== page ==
Recent Submissions

  • Scoping the Future (CRUK)

    Wyatt, Steven; Turner, Alison; Mulla, Abeda; Croft, Stacey (The Strategy Unit, 2015-09)
    The Strategy Unit was a partner in this project, led by the Health Services Management Centre at the University of Birmingham. The project was commissioned by Cancer Research UK to understand the capacity of endoscopy services to meet growing demand. The work included evidence collation, qualitative interviews with staff managing and delivering endoscopy services across England, quantitative modelling and analysis and triangulation of all the findings to make a series of recommendations. The findings were shared with the Independent Cancer Taskforce to inform the recently published cancer strategy.
  • Making the Case for Integrating Mental and Physical Health Care - Full Report.

    Spilsbury, Peter; Wyatt, Steven; Hood, Andy; Croft, Stacey; Wiltshire, Justine (The Strategy Unit, 2017-05)
    The Strategy Unit, inspired by earlier research published by the Nuffield Trust, has created a ground breaking report for all STPs which investigates in detail the interaction between mental and physical health. The work describes and unpacks the gap between the physical health and life expectancy of those in contact with specialist mental health services and the rest of the population, and examines levels of variation in health care utilisation. ‘Making the Case for Integrating Physical and Mental Health Care’ has been designed to inform greater partnership working within local health economies to drive better health outcomes for patients and improved levels of efficiency. The Black Country STP were the pilot area for this work, and subsequently NHS England commissioned a version of the report for all 44 STPs in England. These STP reports were published via STP leads in May 2017 and have received wide-spread acclaim for their quality, depth and real-world practical relevance. We are particularly enthused by the positive reaction from the clinical community, with lots of examples where our work has helped to catalyse clinically- led service improvement initiatives The reports give STPs bespoke data and analysis, setting out the scope to improve patient care by better integrating mental and physical health services, in line with the ambition set out in the Five Year Forward View for the NHS. They also model potential benefits and opportunities for financial reinvestment from reduced pressure on acute care and elsewhere. Director of the Strategy Unit, Peter Spilsbury, said: “This report is important. Using newly linked national data and novel analysis, it can unpack for each STP area one of the biggest yet least spoken about health gaps facing our society - the gap between the physical health and life expectancy of those in contact with mental health services and the rest of the population.” "Some of the differentials in both health outcomes and health service utilisation are eye opening but we have been able to use these findings (and the summary of the evidence base provided) to begin building a broad coalition of local partners to identify and implement practical changes. I commend it enthusiastically to colleagues as a catalyst for much needed change.” According to the study, men with mental health disorders in England are estimated to live 19 years less than those without. For women this gap is around 16 years and the figures for both can vary substantially between STP localities.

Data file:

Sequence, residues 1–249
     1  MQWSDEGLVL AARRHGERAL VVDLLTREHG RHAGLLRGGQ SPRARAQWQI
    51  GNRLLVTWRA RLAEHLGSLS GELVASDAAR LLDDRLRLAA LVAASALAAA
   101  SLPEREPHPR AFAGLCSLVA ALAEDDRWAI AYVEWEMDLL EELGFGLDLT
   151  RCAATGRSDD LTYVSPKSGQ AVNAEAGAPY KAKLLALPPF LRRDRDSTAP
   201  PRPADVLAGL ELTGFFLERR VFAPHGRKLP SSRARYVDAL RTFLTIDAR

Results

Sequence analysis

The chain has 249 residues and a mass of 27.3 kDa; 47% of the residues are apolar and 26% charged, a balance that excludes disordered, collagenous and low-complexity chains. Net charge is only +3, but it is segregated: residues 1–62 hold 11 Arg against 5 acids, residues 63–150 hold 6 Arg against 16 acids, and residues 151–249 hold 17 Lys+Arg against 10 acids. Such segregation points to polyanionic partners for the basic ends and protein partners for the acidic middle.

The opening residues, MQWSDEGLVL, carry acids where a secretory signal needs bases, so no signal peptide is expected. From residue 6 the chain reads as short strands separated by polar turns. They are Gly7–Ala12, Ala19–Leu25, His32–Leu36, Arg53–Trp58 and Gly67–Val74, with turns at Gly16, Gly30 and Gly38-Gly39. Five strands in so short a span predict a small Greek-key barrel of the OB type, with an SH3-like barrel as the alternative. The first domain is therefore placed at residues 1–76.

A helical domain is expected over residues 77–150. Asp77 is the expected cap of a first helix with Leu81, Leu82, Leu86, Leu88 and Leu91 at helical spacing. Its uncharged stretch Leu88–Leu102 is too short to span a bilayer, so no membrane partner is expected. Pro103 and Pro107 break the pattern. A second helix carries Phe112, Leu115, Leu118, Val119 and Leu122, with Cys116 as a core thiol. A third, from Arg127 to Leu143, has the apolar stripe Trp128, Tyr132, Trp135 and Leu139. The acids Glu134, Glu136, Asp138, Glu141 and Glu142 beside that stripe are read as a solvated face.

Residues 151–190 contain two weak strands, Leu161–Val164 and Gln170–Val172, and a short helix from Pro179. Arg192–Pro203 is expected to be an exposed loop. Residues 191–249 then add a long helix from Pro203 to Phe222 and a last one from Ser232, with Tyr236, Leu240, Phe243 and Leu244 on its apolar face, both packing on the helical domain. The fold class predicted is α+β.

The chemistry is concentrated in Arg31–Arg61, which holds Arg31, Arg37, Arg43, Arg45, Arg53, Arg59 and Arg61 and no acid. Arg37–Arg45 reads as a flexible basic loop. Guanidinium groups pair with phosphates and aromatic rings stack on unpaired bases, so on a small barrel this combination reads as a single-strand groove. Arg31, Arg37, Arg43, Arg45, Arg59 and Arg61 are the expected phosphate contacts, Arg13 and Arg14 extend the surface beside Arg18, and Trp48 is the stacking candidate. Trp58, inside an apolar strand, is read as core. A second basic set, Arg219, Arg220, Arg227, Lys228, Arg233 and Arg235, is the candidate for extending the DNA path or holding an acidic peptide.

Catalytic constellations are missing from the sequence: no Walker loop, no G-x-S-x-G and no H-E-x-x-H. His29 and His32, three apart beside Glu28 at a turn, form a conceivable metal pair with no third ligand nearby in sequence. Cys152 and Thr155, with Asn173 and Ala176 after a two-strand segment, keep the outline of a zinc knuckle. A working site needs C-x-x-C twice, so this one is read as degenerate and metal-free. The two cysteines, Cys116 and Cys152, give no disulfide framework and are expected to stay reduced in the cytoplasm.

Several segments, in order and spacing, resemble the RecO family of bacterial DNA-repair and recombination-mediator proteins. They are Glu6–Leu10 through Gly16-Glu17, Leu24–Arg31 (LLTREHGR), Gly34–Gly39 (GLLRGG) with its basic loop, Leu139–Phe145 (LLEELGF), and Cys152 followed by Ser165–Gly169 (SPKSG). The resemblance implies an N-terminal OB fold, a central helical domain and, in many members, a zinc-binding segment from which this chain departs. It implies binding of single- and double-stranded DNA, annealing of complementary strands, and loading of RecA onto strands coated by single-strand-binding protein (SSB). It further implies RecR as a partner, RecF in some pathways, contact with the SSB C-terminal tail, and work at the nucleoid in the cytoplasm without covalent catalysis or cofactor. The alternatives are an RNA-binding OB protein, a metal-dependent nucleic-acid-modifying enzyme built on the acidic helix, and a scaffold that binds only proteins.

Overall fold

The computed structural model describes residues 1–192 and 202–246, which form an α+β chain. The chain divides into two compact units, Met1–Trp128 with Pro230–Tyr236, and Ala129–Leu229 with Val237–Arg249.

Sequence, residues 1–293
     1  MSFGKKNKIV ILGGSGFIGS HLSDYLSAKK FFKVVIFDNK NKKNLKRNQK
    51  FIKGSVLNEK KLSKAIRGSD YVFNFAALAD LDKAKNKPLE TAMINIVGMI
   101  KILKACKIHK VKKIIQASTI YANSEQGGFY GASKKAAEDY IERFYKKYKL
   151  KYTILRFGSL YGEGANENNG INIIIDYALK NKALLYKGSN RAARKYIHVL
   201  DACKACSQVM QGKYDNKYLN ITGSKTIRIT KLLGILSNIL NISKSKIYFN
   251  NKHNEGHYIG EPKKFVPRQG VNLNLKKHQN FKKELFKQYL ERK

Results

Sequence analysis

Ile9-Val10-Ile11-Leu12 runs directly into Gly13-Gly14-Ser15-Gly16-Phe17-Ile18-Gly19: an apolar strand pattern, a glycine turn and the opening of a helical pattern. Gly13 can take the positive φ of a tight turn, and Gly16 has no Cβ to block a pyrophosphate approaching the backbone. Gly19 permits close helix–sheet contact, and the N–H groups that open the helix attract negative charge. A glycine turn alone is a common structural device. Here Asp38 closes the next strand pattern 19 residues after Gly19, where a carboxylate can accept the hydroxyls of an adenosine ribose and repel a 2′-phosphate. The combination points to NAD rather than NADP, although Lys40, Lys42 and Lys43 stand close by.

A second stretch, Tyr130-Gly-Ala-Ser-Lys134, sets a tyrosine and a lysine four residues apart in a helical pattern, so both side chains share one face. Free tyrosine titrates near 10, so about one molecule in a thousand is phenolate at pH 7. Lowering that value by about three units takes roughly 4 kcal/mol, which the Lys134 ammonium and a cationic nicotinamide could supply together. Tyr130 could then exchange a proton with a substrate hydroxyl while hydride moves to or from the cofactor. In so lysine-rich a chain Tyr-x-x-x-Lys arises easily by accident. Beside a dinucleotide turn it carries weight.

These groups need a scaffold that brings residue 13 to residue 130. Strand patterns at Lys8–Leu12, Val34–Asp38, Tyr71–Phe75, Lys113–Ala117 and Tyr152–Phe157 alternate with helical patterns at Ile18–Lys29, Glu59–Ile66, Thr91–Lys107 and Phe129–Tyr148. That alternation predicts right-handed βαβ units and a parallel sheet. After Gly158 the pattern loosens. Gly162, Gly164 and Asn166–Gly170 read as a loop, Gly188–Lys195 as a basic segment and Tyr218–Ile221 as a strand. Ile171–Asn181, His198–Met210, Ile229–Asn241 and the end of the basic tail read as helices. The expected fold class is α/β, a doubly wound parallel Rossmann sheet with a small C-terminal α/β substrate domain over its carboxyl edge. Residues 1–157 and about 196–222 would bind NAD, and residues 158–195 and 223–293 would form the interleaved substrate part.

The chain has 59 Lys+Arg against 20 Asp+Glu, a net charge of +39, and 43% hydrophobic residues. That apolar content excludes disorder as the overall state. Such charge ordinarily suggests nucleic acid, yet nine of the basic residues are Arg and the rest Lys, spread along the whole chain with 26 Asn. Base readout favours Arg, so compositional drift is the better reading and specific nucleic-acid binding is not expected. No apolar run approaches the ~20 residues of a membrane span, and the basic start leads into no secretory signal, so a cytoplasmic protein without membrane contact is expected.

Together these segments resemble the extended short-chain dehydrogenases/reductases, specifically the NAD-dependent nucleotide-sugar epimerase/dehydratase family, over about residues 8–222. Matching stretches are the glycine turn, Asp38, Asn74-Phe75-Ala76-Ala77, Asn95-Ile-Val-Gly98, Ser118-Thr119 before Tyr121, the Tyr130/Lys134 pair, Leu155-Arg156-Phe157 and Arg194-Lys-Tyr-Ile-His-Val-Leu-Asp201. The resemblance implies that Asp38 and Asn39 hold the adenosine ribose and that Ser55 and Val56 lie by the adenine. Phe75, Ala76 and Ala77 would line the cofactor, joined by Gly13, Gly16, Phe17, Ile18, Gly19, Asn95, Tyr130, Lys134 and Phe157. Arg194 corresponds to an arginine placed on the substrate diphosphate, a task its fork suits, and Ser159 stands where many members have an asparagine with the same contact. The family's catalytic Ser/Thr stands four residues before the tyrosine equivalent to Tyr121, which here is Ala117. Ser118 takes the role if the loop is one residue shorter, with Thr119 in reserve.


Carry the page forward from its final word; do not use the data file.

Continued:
• Evaluation of an Integrated Mental Health Liaison Service (Rapid Assessment Interface and Discharge Service) in Northern Ireland

    Seamer, Paul (The Strategy Unit, 2018-10)